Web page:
Monday Blog Blog: Lumiere Gallery Virtual Photography Fair

April 11th, 2011 by David Leland Hyde Leave a reply »

Lumiere Gallery Of Atlanta, Georgia Features The Pioneer Western Photography Of Philip Hyde In A Virtual Photography Fair

 

Mt. McKinley/Mt. Denali, Reflection Pond, Denali National Park, Alaska, 1971 by Philip Hyde.

Lumiere Gallery began representing Philip Hyde just this year. Besides prominently displaying Philip Hyde’s images in online galleries and special shows, posting Philip Hyde’s biography online and showing original vintage black and white prints in the gallery, as well as offering color archival fine art digital prints, Lumiere Gallery also advocates for photography and helps to educate the photography collecting community through lecture sponsorship and other educational venues both online and off. To its further credit, Lumiere is already selling a significant number of Philip Hyde prints. Lumiere offers Philip Hyde’s original vintage black and white prints and color archival fine art digital prints as a special feature of the gallery’s Virtual Photography Fair.

See a selection of Philip Hyde photographs in Lumiere’s Virtual Photography Fair or visit Lumiere’s online lectures for collectors.

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7 comments

  1. pj says:

    Sounds promising. It sounds like they’re running a pretty good program. Hope your dad’s work does well there.

  2. Thank you, PJ. I enjoy working with them. They are “no nonsense” seasoned with Southern Hospitality. Seems to be a good mix and balance.

  3. Derrick says:

    Congrats – sounds like you’re on a roll!

  4. Thanks Derrick. I suppose I ought to allow people to imagine Philip Hyde Photography is on a roll, but on this end, at least so far, the situation is closer to being behind and playing catch-up.

  5. Derrick says:

    If I can ask a pointed question (and feel free to not answer if you don’t want!) – where are you seeing better sales of your father’s work – online or in galleries?

  6. Hi Derrick, thank you for the question. I am game to answer it, though there’s a lot to the answer that I am still learning about too. The galleries I am dealing with are generally the top photographic galleries in the country and in some cases the world. These galleries are primarily interested in the trade of vintage black and white prints. Vintage black and white prints are what collectors want because they have the best established value in the marketplace and have historically gone up in value most dramatically. These top flight photography galleries are not much interested in color prints, except in rare cases, and many of them look askance at digital prints. On the other hand, those of them that do tolerate digital prints, do so mainly because they realize that the majority of current working photographers have gone into digital printing. The galleries who are aware of what is going on in present day photography understand that at some point those who do not value digital prints or appreciate that they are not all made equal, see that they themselves will at some point hit a brick wall when they run out of sources for vintage black and white prints. Of course the argument goes on and on because when the producers run out of vintage black and white prints, vintage black and white prints will be worth even more. Also, the argument further goes that darkroom black and white silver printing is on the rise. Some people even think that the entire digital printing and digital print phenomenon is a fad that could very well pass away unless people like you and me take the time to educate. I firmly believe that the Philip Hyde authorized archival digital prints that Carr Clifton and I have made from high resolution drum scans of 4X5, 5X7 and 8X10 film originals are the best photographic prints ever made for many reasons. I am also enthusiastic about being able to restore, repair and release photographs that were worthless during the film era because they couldn’t be printed at all. For these reasons, I continue to sell digital prints. So far I have sold many more digital prints than the galleries have sold black and white vintage prints, but gallery sales are starting to pick up. I have not yet announced the addition of a particular dealer to the list of galleries representing Dad, but his addition will most probably lead to major development of the work. Even the sale of a small 4X5 or 5X7 contact vintage black and white print is equal in value to several large archival digital prints. Thus it takes far fewer vintage black and white print sales to produce significant revenue. This is another reason photography galleries like to handle vintage black and white prints rather than archival digital prints. They don’t consider sales of a few hundred dollars to be worth their time. For me, if the Philip Hyde Photography website produces a few small archival digital print sales each month and a few large ones, it certainly helps keep me in business. I believe that as I optimize the website and become higher profile online, I will probably be able to earn a living just from print sales myself and will not need the galleries. However, I will still work with galleries because they serve the vital purpose of maintaining professionalism and credibility, besides connecting me with the best collectors and sometimes the best museums.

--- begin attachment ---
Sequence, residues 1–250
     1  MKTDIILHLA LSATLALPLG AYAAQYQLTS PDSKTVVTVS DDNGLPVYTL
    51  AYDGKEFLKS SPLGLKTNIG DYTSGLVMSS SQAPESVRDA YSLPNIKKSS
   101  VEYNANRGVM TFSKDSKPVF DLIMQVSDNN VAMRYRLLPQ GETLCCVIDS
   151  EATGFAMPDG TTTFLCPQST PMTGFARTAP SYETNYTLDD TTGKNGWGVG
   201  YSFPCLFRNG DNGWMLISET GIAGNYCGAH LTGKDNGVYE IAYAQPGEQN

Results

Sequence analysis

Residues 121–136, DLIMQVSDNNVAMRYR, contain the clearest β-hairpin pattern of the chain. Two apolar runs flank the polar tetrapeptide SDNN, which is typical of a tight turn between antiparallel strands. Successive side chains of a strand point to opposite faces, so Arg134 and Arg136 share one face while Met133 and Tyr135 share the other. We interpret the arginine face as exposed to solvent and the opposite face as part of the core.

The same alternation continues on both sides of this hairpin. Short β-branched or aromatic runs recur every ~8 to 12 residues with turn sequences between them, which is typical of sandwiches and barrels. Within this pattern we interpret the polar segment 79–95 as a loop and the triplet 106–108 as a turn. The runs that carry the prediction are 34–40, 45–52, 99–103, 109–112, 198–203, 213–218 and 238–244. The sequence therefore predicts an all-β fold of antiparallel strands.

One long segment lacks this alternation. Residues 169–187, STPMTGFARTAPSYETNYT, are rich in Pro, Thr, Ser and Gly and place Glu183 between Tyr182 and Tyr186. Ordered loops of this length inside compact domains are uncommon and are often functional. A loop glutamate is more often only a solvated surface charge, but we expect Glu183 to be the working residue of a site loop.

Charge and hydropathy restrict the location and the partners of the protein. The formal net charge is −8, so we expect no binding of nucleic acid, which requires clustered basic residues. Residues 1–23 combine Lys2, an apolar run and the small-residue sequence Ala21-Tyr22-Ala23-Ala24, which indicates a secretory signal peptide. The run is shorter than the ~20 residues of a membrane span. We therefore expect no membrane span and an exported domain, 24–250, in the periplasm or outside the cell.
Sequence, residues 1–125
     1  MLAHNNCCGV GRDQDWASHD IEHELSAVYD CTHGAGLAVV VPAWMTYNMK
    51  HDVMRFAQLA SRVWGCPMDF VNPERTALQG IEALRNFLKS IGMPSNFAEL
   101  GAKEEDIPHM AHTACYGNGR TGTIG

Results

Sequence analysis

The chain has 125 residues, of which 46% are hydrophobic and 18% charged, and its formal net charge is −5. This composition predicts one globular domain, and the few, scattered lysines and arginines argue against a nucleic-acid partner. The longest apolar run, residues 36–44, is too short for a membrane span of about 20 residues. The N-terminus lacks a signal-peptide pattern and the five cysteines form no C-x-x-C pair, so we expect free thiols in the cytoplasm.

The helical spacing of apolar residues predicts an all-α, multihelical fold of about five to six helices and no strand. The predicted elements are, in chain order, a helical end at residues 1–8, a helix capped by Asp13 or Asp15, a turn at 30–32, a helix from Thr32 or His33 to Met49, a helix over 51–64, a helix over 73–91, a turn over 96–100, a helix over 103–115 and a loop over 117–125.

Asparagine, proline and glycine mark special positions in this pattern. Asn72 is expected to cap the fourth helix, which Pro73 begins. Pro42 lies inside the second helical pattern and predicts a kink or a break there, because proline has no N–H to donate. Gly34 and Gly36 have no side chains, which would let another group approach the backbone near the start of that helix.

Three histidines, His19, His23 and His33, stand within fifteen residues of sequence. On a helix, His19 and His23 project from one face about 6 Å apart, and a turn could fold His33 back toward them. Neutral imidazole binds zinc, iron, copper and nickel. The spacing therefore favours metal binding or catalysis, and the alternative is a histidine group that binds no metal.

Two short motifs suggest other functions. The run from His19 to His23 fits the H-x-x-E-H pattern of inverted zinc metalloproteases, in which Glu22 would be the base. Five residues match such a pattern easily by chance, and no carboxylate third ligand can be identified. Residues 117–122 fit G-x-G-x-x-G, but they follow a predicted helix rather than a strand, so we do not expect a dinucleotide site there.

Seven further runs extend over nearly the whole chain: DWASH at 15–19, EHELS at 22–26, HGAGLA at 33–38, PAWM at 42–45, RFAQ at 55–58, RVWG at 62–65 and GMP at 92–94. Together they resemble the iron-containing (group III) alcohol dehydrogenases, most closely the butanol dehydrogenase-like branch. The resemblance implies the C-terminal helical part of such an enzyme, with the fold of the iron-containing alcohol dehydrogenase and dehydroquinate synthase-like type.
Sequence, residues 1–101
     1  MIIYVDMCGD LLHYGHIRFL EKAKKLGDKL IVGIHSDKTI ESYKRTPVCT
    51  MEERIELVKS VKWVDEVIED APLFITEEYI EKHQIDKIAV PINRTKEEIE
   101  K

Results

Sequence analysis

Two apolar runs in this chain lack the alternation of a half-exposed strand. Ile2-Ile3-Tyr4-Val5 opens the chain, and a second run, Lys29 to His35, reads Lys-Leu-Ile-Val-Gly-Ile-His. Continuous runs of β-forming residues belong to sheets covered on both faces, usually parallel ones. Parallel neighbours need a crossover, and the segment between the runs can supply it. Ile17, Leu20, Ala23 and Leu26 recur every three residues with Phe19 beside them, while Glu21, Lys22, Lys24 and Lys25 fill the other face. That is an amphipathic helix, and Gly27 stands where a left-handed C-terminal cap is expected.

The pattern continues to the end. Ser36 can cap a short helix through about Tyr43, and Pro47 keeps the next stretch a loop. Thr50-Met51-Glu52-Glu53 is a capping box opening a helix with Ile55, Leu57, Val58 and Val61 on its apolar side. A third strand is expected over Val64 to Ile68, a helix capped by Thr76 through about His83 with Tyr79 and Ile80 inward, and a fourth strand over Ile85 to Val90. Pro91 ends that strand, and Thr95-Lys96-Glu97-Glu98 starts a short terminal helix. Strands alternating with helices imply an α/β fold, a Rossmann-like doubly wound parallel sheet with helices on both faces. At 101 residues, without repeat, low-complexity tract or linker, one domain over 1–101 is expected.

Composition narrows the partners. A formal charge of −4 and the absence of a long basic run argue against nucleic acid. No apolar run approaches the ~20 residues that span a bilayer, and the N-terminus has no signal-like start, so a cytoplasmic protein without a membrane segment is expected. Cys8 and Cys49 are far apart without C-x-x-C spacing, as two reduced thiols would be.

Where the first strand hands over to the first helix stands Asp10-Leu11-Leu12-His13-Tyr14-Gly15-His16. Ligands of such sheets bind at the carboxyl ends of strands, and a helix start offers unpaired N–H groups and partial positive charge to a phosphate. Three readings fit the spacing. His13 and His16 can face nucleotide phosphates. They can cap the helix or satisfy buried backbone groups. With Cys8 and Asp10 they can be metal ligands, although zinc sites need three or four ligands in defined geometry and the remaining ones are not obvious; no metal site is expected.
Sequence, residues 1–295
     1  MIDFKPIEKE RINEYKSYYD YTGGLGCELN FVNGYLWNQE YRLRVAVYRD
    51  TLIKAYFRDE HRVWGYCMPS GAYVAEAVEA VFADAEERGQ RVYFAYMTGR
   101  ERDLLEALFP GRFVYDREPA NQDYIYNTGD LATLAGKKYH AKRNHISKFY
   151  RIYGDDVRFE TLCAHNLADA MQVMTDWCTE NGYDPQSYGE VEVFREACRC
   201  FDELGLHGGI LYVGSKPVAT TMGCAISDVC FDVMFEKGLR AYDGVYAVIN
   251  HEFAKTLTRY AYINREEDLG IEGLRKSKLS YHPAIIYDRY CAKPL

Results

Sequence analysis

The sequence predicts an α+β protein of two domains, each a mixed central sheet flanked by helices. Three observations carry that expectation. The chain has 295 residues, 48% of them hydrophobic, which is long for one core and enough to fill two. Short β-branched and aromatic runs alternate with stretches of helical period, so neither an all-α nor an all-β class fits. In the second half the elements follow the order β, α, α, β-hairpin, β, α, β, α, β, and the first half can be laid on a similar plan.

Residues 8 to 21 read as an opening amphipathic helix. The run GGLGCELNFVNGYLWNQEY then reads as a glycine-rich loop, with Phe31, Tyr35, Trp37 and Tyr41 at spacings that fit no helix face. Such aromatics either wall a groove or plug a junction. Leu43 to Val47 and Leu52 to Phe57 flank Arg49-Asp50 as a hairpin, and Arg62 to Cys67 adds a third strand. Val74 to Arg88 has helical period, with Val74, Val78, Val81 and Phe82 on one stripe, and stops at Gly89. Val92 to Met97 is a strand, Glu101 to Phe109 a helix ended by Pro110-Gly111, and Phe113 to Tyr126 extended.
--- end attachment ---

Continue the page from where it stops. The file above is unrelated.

7. Derrick says:

    Thanks David – I’ve been exploring ways to get my photos out there, I think I’m just about ready to “go pro”, whatever that means. I appreciate your insight!

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